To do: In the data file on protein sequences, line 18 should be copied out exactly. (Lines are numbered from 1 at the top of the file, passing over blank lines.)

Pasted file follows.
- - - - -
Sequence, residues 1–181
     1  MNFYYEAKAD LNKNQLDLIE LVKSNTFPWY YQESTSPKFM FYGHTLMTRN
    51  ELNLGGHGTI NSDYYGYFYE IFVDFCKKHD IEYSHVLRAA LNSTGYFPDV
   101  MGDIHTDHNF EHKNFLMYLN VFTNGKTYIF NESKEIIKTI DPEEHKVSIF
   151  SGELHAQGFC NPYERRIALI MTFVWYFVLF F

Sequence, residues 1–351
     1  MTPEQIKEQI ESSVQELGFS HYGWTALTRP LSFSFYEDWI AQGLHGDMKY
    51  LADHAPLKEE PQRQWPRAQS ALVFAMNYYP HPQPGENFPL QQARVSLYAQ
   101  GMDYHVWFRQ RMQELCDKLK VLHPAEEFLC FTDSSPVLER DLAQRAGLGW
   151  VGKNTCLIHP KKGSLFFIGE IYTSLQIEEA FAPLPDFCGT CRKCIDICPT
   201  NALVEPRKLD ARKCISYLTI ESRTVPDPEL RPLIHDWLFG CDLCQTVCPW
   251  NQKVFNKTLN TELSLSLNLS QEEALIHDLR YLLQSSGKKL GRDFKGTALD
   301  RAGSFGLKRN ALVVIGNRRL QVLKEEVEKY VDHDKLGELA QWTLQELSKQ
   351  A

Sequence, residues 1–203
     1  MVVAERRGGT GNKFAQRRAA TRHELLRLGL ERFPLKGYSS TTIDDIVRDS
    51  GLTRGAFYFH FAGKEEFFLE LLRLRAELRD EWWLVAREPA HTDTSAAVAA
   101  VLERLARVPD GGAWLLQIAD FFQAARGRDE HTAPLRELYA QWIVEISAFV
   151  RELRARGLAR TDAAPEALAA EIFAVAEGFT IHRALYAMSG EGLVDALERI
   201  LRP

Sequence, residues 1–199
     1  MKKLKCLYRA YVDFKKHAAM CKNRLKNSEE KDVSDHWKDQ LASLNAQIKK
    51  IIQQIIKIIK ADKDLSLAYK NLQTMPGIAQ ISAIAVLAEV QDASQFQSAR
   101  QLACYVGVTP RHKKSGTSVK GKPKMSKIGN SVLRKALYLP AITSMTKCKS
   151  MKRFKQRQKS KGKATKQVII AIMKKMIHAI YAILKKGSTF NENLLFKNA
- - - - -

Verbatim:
   101  VLERLARVPD GGAWLLQIAD FFQAARGRDE HTAPLRELYA QWIVEISAFV